—Darius Soriano

Knicks 100, 76ers 84: Two impressive games in a row for the Knicks, and coincidentally Carmelo Anthony is plying the four. Or, not so coincidentally. Our own Brett Pollakoff broke this game down for PBT.

Hawks 105, Thunder 95: The good news for the Thunder is Kevin Martin showed up gunning — 29 points including 6-of-8 from three. The bad news was he hit the last of those three pointers with 4 minutes to go in the game (a shot that got the Thunder within two) and the Thunder didn’t get him a shot the rest of the way. The Thunder went away from the hottest hand in the building. The Thunder shot 35.3 percent in the fourth

The ugly news for the Thunder was their defense, which gave up 57 points in the second half. The Hawks, without Josh Smith, completely out worked the Thunder inside all night. Al Horford had 23 points and 12 boards, Lou Williams added 19 for the Hawks off the bench. The Hawks have guys who can shoot and they found space to do it Sunday.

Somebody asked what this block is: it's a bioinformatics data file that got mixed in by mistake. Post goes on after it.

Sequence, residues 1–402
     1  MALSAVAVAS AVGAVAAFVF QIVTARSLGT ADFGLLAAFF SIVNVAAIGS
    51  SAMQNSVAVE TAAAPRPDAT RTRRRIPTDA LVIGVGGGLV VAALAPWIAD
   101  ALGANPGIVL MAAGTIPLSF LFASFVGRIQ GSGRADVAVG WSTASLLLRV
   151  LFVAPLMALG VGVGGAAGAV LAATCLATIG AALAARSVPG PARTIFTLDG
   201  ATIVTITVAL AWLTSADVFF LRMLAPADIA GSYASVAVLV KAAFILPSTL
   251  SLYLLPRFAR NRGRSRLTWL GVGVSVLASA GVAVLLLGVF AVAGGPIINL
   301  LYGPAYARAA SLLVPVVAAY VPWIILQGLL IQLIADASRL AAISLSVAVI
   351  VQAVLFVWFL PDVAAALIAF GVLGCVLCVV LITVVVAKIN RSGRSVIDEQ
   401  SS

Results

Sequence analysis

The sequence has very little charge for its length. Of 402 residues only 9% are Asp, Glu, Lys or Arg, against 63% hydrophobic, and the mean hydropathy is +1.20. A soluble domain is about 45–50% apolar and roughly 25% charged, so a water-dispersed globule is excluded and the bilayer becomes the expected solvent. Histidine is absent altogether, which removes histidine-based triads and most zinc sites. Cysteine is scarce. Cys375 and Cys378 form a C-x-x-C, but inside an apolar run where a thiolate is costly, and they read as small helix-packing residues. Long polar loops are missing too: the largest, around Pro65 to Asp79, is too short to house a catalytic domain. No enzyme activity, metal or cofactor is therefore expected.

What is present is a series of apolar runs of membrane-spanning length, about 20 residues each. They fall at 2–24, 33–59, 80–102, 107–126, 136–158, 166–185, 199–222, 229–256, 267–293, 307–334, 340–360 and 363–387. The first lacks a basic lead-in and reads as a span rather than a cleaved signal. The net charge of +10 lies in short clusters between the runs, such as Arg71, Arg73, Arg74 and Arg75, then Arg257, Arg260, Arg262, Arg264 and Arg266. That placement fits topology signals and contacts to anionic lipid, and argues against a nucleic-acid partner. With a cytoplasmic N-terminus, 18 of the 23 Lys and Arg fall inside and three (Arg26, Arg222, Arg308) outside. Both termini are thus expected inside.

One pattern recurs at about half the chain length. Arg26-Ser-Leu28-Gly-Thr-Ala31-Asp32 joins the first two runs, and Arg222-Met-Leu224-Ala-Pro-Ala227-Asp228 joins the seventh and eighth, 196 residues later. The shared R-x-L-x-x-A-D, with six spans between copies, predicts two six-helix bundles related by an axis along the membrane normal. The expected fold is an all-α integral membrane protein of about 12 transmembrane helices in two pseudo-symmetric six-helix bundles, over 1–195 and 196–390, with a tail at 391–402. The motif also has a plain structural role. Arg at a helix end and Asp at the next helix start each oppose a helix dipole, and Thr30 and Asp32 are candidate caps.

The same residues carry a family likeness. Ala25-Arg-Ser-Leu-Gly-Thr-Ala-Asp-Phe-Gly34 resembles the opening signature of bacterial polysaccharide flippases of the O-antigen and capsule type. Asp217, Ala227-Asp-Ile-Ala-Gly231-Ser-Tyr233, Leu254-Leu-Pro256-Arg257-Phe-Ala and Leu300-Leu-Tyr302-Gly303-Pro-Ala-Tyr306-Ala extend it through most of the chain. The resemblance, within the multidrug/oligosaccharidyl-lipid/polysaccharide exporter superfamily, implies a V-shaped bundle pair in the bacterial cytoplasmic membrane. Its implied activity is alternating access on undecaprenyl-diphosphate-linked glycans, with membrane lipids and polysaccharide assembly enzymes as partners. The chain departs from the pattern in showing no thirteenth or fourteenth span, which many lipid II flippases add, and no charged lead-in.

Durant has the ball in his hands a lot more this season, playing more point forward, and he is trying to set guys up more. He’s getting assists but has not scored more than 25 in a game this season. He’s the best scorer on the planet, he needs to shoot the rock.

Raptors 105, Timberwolves 96: Some teams just have another teams number — this is 9 straight Raptors wins at home over Minnesota, 15 of the last 16 meetings total. This time it might have been the 24 Timberwolves turnovers, but this was close until the start of the fourth quarter when a 13-6 Raptors run and they never looked back. Kyle Lowry and DeMar DeRozan had 22 for the Raptors (Lowry has been impressive so far this season). Andrei Kirilenko’s 17 points led the Timberwolves.

Magic 115, Suns 94: Dwight who? The Magic are 2-0.

Phoenix led most of the first half and was up by 11 midway through the third quarter, then Orlando went 37-9 run over and that was it. The Suns lived (and built their lead) by the jumper and died by it when it stopped falling. Nice win for a Magic team without Jameer Nelson and Hedo Turkoglu — J.J. Redick had 24 (non in the third quarter during the run, however), Glen Davis and Arron Afflalo each had 22.

Warriors eliminate Spurs, advance to face Pelicans